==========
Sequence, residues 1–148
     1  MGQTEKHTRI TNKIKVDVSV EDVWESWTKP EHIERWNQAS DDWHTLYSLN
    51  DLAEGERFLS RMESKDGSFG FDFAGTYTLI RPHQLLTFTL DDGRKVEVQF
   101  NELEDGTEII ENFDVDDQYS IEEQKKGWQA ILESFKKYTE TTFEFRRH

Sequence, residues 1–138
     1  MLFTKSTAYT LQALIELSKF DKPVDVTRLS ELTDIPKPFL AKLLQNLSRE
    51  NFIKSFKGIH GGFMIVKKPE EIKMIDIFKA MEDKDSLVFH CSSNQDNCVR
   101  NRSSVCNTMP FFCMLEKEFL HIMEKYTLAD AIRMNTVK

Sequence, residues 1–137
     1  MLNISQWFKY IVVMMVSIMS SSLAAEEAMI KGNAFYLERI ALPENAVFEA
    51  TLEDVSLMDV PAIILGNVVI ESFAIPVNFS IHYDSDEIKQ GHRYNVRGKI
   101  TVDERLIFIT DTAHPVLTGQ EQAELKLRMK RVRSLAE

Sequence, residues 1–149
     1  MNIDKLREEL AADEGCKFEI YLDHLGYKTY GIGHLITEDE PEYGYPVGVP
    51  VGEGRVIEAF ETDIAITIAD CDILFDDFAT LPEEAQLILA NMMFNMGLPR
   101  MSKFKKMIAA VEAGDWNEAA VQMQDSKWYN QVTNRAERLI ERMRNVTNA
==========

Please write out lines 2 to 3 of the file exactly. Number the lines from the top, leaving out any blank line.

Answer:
     1  MGQTEKHTRI TNKIKVDVSV EDVWESWTKP EHIERWNQAS DDWHTLYSLN
    51  DLAEGERFLS RMESKDGSFG FDFAGTYTLI RPHQLLTFTL DDGRKVEVQF